Wednesday, 16 June 2021
ON November 29 a coachload of society members went up to London to see 42nd Street at the Drury Lane Theatre.
Because of the traffic, the chance of a leisurely lunch proved out of the question but most of us managed something to eat before the afternoon performance.
42nd Street is the story of a dance group performing in Broadway, and elsewhere, in the Great Depression of the early Thirties.
The storyline was thin but the stage setting was cleverly done and the dancing and routines were breathtaking in their sheer energy.
Whether or not folk were enthusiastic about musicals, this show was well worth seeing.
On December 6 we had our usual Christmas festivities — this year an organ recital, interspersed with Christmas carols and readings — followed by a most enjoyable feast of Christmas nibbles and a wassail cup.
Those who attended seemed to appreciate the time and effort that had been put into making this such an enjoyable occasion.
The first meeting of 2018 was held on January 3 when Carl Feltham, of the Reading branch of the RSPB, gave us a most interesting and informative talk on red kites.
Their history dates back to the Middle Ages when they were used as useful scavengers to clean up the detritus left by humans rather like the vultures of Africa and India today.
The gradual decline of the birds meant that by the end of the 19th century they had become virtually extinct in England and Scotland, except for six pairs, but some breeding pairs still survived in the mountains of mid-Wales.
The reason for their decline was that they were perceived as vermin, along with herons, which killed too many fish, and foxes and buzzards, which killed too many pheasants.
During Georgian and Victorian times farmers and gamekeepers were encouraged to shoot them.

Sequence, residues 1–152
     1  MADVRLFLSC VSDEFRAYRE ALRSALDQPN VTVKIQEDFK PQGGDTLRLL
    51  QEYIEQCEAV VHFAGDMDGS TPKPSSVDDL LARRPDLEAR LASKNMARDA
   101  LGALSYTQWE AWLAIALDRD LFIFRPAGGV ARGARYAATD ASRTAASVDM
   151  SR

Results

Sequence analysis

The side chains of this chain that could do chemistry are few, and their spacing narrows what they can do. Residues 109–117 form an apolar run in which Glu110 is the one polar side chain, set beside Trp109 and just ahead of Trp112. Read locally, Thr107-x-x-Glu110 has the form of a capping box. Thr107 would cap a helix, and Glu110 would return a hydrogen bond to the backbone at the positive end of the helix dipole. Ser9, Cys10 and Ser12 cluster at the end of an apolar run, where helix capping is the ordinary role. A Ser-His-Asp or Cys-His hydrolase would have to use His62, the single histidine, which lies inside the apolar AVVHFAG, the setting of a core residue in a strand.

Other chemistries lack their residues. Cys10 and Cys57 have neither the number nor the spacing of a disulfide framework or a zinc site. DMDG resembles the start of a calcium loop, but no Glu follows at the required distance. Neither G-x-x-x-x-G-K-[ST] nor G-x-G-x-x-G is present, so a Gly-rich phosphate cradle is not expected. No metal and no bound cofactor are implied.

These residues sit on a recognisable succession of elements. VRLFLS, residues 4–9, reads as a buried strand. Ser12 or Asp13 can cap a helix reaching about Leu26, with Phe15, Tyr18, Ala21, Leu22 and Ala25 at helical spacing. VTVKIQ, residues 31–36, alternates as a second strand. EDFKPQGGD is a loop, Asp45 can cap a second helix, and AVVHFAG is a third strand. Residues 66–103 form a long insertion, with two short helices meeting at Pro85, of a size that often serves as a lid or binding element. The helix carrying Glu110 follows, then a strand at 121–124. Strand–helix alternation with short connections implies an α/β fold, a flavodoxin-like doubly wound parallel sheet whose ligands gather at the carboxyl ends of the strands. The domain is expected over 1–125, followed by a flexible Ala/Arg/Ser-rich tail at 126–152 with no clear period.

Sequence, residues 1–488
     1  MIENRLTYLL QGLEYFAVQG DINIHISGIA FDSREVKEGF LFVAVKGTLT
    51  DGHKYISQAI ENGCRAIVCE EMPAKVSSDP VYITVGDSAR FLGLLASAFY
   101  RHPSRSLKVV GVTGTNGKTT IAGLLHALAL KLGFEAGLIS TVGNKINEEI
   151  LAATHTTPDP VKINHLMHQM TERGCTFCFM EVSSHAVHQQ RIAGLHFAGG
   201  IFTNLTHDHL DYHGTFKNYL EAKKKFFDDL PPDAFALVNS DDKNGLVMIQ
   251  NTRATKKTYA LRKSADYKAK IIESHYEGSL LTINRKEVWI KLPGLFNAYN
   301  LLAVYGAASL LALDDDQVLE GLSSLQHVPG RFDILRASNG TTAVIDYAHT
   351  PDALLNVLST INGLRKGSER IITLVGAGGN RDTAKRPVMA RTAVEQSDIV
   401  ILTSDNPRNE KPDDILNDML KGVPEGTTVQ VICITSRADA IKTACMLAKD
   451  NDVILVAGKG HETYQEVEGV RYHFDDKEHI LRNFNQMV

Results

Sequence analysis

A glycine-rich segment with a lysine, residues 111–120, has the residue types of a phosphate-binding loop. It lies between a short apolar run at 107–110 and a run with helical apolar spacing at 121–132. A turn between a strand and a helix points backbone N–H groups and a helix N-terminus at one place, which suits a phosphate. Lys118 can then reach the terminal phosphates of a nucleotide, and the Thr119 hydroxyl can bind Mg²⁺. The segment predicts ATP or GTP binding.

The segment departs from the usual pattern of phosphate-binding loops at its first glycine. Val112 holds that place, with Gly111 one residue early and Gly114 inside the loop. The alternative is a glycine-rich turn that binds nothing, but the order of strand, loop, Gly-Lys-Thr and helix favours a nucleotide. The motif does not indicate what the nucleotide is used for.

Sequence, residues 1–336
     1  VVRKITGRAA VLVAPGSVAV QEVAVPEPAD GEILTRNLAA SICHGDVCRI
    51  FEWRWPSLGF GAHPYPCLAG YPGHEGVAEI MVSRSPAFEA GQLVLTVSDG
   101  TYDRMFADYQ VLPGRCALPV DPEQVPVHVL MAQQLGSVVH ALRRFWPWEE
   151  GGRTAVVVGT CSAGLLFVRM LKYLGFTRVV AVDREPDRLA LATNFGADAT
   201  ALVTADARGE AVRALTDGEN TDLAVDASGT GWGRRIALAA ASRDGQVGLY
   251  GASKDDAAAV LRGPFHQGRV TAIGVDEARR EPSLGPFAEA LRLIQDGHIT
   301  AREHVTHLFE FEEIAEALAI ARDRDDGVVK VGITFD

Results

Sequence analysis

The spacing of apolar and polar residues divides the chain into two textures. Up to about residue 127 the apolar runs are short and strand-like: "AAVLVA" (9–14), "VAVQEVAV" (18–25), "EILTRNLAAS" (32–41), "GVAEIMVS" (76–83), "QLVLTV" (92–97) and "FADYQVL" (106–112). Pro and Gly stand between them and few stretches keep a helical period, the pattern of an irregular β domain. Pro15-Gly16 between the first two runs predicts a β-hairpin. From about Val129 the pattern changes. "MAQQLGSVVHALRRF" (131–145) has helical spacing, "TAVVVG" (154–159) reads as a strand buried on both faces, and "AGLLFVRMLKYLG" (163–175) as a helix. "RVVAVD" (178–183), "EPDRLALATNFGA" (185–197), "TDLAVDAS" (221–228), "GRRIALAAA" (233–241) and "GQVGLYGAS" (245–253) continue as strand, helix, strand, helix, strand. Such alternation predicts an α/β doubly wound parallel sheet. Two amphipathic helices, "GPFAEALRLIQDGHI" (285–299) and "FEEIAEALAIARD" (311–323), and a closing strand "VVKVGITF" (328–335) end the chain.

A penny was given for every head of a red kite that was presented to churchwardens who logged their demise.
In the early 1990s a decision was taken by various conservation bodies, including the RSPB, to try to reintroduce red kites into this country, starting with the Chilterns National Park.
The reasons why the Chilterns were chosen is because of the suitability of the undulating countryside with a mixture of different woodlands and the arable farms which provided the ideal foods for both red kites and buzzards, which have also made a remarkable comeback.
The first attempt at
re-introducing red kites was by using chicks that had been hatched in Spain and reared here.
Unfortunately, these attempts failed because once the birds were large enough they flew back to Spain!
Further attempts were made using red kites from Sweden and some from mid-Wales.
In 1992 there were just four pairs but by 2005 their numbers had increased to 250 pairs and by 2016 to about 600.
The result is that the Chilterns have the highest concentration of red kites of anywhere in the world and Reading has more of them than any other town or city, especially on a Sunday when they descend on the town.
The reason is that too many people are feeding them with the leftovers from Sunday lunch.
Unfortunately, there are downsides to this practice because the female red kite is larger than the male and needs roughage and bones to help build up calcium and other minerals to feed the chick embryos.
If the shells are insufficiently strong then the chicks will die.
The message is by all means feed these magnificent birds but leave them carcasses and bones as well as meat.
Carl’s talk was illustrated with many beautiful photographs which added to a memorable evening.
The society meets on alternate Wednesdays in the hall of Caversham Heights Methodist Church on Highmoor Road. Coffee is served from 7pm and the talks begin at 8pm.
New members are welcome. For more information, email email@example.com or visit cavershamheights.org
22 January 2018
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